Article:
Employees / Employers

Often employees seek a psychoeducational assessment because they are noticing patterns of difficulty at work that get in the way of performing their essential duties well  (e.g., writing or reading difficulties, math problems, difficulty picking up on non-verbal cues, problems sustaining attention, prioritizing, time management, etc).  A psychoeducational assessment can help employees and employers gain a better understanding of the problem and how to work with it or overcome it all together.   Canada has strong legislation to protect people with disabilities.  Employers and employees with learning difficulties should work together for mutual benefit.

How do I know if  I need a psychoeducational assessment?

Here are few things that are commonly observed among adults who are struggling:

  • Slow to read and comprehend
  • Spelling errors
  • Reluctance to read or write
  • Poor writing skills
  • Doesn’t complete work
  • Gets easily frustrated
  • Slow to complete tasks
  • Easily distracted
  • Memory seems poor – doesn’t retain information
  • Trouble organizing written text, ideas, things
  • Difficulty with multi-step instructions
  • Problems prioritizing and managing time
How should I prepare for a psychoeducational assessment?

It helps us to know that you have had a recent physical examination and that possible physical causes for your concerns have been ruled out.  Also, because of the importance of hearing and vision to learning it is ideal to have hearing and vision tested by a proper specialist prior to the assessment.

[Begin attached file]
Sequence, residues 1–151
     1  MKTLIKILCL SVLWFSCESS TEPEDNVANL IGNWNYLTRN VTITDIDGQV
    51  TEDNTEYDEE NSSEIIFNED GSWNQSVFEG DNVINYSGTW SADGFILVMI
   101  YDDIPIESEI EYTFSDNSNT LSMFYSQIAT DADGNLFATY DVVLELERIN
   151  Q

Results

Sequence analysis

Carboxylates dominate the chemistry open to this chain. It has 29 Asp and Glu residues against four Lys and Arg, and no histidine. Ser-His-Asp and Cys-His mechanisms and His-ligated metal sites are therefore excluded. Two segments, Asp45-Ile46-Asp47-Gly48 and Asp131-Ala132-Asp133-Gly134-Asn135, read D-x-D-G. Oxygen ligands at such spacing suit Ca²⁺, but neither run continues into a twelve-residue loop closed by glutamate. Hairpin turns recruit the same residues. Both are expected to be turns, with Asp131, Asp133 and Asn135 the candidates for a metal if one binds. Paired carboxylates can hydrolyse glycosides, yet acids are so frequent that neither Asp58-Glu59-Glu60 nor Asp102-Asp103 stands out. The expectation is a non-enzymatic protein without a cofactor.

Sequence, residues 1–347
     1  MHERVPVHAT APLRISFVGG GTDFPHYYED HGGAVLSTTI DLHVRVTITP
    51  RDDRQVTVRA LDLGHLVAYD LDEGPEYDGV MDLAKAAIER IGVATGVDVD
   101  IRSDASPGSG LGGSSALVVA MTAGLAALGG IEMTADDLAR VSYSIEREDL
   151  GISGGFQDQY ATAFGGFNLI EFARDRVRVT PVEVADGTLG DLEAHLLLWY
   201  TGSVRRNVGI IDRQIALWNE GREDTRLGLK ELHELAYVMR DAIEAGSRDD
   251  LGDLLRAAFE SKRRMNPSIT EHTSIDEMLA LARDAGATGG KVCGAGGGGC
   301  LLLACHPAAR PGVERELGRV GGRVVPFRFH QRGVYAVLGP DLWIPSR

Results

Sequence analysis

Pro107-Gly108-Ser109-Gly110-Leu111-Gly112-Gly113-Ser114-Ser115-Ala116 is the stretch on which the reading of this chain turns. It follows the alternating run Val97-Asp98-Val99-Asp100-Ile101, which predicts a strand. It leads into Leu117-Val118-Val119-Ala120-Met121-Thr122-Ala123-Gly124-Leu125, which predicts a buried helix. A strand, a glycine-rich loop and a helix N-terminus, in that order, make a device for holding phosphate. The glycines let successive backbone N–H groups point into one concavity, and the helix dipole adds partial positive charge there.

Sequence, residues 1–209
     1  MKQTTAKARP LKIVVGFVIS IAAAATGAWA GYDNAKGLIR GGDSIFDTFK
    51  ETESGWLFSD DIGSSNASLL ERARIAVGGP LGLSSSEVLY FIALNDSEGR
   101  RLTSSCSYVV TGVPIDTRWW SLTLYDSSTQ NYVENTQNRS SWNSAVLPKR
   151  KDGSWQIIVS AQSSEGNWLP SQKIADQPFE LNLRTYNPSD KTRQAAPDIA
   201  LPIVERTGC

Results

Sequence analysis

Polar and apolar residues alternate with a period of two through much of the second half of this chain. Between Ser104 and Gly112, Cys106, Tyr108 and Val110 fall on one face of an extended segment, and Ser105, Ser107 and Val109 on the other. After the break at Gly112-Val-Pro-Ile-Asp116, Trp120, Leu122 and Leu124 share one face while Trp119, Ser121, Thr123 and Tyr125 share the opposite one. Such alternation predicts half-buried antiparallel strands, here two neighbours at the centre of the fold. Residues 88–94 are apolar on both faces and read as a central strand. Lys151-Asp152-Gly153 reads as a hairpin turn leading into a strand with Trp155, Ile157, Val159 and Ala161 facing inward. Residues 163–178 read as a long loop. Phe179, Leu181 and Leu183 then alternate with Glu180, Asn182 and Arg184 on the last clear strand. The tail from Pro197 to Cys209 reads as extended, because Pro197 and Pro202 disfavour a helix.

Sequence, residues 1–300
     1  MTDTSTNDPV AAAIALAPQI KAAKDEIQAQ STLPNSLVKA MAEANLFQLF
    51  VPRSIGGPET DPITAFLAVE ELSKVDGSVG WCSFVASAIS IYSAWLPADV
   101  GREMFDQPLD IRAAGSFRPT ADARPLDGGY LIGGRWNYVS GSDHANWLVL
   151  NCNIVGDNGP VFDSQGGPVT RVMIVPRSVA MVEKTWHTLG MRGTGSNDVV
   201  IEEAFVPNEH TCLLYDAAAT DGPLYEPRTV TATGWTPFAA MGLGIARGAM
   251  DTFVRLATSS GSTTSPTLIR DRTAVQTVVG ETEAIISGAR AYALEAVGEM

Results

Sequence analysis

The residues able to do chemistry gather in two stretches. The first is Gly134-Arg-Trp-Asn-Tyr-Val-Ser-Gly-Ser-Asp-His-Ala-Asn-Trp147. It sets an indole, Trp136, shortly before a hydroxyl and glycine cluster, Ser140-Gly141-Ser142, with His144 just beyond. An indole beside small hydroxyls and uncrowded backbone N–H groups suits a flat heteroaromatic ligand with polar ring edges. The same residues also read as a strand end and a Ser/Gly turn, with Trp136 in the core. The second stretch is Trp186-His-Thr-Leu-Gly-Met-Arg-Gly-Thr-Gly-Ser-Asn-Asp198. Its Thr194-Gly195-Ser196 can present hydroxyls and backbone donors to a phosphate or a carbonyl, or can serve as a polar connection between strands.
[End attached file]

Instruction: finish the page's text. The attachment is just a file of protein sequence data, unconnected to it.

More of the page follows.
What are accommodations?

People with learning disabilities often benefit from accommodations and these will be part of the recommendations section of your report.   Accommodations could involve the use of different strategies (e.g., use of visual organizers, extra time) and may include adaptive technologies (e.g., spell check, tape recording)  for improved work performance.   It will be important to inform your employer of exactly what your needs for accomodation are.  Employers and employees who have learning disabilities have a shared responsibility for making the accommodation process a success and we’re here to support you in reaching that goal.

Note:  Always hold on to a copy of your report as a part of your health history.  Reports are often requested many years down the road and can be invaluable to those offering support.

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